What has consumed the space? The great, fat, greedy monster of the novel, which sucks all the vital nutrition away for itself. The big prizes – Griffin excepted – are for novels, the big advances are for novels, the author interviews are for novelists. Fiction is business, poetry isn’t. (Years ago, novelists used to speak of having a novel “accepted” by a publisher; now they talk about “selling” it.) Suppose Geoffrey Hill publishes a new collection. He will get reviewed, of course, but at what length and with what seriousness? But when Ian McEwan publishes his new novel, he can expect 20 to 30 reviews in newspapers and magazines, many of them searching essays of several thousand words.
There are at least two effects of this shrinkage. One is that, pragmatically speaking, poetry has less muscle, less heft, less public presence, than it should have. “Not bad, for a poetry reading,” is how people talk, already twisted into a cringing posture of self-disrespect. The second is that the crucial function of criticism – to explain texts – is not going on in the world of poetry. The middleman – the critic – has been capitalistically excised, and the poem and its audience stare at each other across a vast ignorant space. Recently I heard the poet Robert Pinsky and the thriller writer Elmore Leonard on the radio. Pinsky had just reviewed Leonard’s new novel. (Tellingly, we can’t imagine Leonard reviewing Pinsky, for that would seem, commercially speaking, like the master dressing his own valet.) Pinsky said that some of Leonard’s prose had the compression of verse, then asked the novelist if he read much poetry. No, was the reply – it’s too difficult to get into.
The longer poetry is absent in this way, the harder it is for it to find its way back into popular comprehension and respect.
There are things we can do. Prizes like the Griffin are important – valuable in themselves, they also function within the marketplace to give poetry a bit of a swagger, like carrying a piece. We must lobby – polite word for shame – literary editors to carry more poetry reviews (I myself intend to start writing poetry reviews at The New Yorker). We should embarrass our novelist friends – why is it okay to be up on David Foster Wallace but not on John Ashbery?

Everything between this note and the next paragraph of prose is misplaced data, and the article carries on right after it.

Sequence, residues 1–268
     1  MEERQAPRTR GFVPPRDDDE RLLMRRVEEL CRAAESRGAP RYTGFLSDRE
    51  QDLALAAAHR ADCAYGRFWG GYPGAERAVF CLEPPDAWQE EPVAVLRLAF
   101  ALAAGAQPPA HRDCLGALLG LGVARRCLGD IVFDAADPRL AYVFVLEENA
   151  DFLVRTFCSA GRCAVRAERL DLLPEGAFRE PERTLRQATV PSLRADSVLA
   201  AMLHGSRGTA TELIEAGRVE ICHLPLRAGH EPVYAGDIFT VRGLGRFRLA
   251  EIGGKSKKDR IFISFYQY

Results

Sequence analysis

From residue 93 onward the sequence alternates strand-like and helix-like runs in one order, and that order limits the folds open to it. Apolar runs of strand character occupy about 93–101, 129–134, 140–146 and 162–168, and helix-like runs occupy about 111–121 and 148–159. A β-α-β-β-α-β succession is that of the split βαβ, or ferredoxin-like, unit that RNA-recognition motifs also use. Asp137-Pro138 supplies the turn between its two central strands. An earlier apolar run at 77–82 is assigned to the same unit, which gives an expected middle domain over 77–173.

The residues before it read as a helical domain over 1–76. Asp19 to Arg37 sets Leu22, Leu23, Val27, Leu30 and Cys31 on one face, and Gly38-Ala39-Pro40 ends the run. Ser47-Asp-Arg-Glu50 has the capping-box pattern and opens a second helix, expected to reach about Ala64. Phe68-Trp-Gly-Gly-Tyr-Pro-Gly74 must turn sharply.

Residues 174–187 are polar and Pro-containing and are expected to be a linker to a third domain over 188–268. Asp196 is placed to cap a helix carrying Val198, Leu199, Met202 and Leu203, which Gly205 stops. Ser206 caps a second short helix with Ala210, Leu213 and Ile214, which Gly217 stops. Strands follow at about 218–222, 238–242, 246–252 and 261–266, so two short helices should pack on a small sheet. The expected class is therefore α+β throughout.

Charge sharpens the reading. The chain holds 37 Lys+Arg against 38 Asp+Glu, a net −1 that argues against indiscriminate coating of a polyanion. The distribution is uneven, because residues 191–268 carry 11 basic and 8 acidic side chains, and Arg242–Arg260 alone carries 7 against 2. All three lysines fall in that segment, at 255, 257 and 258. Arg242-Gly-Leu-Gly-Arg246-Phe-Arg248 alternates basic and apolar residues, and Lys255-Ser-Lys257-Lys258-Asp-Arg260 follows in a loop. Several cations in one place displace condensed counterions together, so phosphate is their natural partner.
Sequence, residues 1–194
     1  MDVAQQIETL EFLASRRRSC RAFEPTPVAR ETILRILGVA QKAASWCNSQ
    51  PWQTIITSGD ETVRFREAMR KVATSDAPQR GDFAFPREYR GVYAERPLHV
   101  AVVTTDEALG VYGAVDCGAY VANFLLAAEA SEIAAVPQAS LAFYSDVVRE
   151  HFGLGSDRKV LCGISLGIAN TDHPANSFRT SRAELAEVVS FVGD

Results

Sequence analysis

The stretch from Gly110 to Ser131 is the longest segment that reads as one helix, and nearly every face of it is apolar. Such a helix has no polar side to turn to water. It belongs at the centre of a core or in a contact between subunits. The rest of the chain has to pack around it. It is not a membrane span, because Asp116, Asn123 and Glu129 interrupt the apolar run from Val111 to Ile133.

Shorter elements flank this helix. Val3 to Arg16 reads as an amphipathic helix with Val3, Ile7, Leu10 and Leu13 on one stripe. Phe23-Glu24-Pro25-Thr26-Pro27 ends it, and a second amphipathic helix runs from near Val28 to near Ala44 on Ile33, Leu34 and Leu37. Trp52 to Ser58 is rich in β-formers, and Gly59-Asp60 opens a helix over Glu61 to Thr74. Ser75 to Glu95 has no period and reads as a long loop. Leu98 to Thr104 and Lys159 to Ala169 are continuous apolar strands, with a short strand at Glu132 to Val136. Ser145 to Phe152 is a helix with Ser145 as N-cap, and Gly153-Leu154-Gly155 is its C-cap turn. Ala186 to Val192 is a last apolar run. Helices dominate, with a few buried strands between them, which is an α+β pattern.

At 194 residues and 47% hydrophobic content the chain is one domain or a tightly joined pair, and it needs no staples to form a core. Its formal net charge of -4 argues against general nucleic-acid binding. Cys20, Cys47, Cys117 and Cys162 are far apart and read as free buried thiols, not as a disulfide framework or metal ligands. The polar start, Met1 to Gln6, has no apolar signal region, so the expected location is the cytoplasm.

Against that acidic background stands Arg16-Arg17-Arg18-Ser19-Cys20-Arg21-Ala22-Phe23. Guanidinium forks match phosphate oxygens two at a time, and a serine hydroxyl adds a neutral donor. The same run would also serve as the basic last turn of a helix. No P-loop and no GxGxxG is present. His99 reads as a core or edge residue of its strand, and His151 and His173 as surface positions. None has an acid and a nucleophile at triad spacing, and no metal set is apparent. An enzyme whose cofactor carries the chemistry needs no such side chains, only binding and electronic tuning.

Poetry waves a flower in the face of a highly utilitarian age. That great secular hybrid, pragmatic evolutionary psychology and neuro-aesthetics, is busy telling us that art is a slightly puzzling evolutionary superfluity. Art is defended as “cognitive play,” crucial for the evolutionary development of homo sapiens. Art, for such people, must always somehow be justified. But poetry sings the song of itself, and offers a musical gratuity. Just as no one should have to justify, in pragmatic terms, playing the piano or listening to Bach, so no one should have to justify reading Keats or Wallace Stevens. And I am not making the weak case that poetry evades or exceeds such pragmatic cost-counting, but that it challenges such utilitarianism, makes it doubt itself. It faces down the enemy.
Poetry can justify itself, of course (as music can), and might do so thus: poets guard the language. They are the archivists, the philologists of the language, alert to what Virginia Woolf called “language with roots.” I find that poets are routinely better versed (the pun is instructive) in the history of their art than are contemporary novelists. Think, for a second, of how important at present this guardianship has become. In the last few years, there has been nothing less than a war on words. On the one hand political euphemism has been rampantly deployed (“collateral damage,” “waterboarding,” “rendition,” “stress procedures”); on the other hand, those skilled in verbal nuance have been derided as prissily “professorial” (President Obama was routinely mocked during the election as a mere “man of words”), and the very inability to use language with precision has been held up as a mark of authenticity (George Bush, Sarah Palin). And just as Orwell feared, there has been a direct link between a shifty and immoral use of language and a shifty and immoral politics. Poets have a public function just as much as a private one.
When Robert Lowell published his book of free translations, Imitations, Vladimir Nabokov, a literal translator, was enraged. “How would Mr. Lowell like it,” he asked, “if I translated his fine phrase ‘leathery love’ into Russian as ‘the large football of passion…’ ”
There has been a lot of passion, poetic passion, on display here tonight. Once all this is over, and the wine glasses have been cleared away, and the winners have banked their cheques and the losers pawned their sorrow, let us punt that large football of passion across the field and into the enemy’s goal.
James Wood is a literary critic and a novelist. He is said to advocate an aesthetic approach to literature and is noted for coining the term “hysterical realism”. Many consider him to be “the best literary critic of his generation.”
Born in Durham, England, he was named the winner of the British Press Young Journalist of the Year Award in 1990. He served as a judge for the 1994 Booker Prize and is an editor at large of the Kenyon Review. Wood’s reviews and essays have appeared frequently in the New York Times, The New Yorker, the New York Review of Books and the London Review of Books, where he is a member of its editorial board. He has taught at Boston University, and Kenyon College in Ohio. Currently he is Professor of the Practice of Literary Criticism at Harvard University and a literary critic at The New Yorker. He and his wife Claire Messud, an American novelist, live in Somerville, Massachusetts, with their two children.